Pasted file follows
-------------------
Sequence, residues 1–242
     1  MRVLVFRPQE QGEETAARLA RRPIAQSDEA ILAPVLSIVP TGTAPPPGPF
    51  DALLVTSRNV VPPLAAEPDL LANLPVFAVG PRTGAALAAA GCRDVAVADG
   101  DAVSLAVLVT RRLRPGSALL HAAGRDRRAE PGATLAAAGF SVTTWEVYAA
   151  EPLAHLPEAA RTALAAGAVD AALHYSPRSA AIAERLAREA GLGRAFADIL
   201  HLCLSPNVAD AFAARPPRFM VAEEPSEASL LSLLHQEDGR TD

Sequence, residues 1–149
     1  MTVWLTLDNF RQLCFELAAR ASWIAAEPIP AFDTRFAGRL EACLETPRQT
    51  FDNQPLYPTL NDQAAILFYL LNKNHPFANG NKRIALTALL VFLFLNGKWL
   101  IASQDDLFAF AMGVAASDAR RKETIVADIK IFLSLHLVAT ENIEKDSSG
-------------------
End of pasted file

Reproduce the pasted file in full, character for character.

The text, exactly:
Sequence, residues 1–242
     1  MRVLVFRPQE QGEETAARLA RRPIAQSDEA ILAPVLSIVP TGTAPPPGPF
    51  DALLVTSRNV VPPLAAEPDL LANLPVFAVG PRTGAALAAA GCRDVAVADG
   101  DAVSLAVLVT RRLRPGSALL HAAGRDRRAE PGATLAAAGF SVTTWEVYAA
   151  EPLAHLPEAA RTALAAGAVD AALHYSPRSA AIAERLAREA GLGRAFADIL
   201  HLCLSPNVAD AFAARPPRFM VAEEPSEASL LSLLHQEDGR TD

Sequence, residues 1–149
     1  MTVWLTLDNF RQLCFELAAR ASWIAAEPIP AFDTRFAGRL EACLETPRQT
    51  FDNQPLYPTL NDQAAILFYL LNKNHPFANG NKRIALTALL VFLFLNGKWL
   101  IASQDDLFAF AMGVAASDAR RKETIVADIK IFLSLHLVAT ENIEKDSSG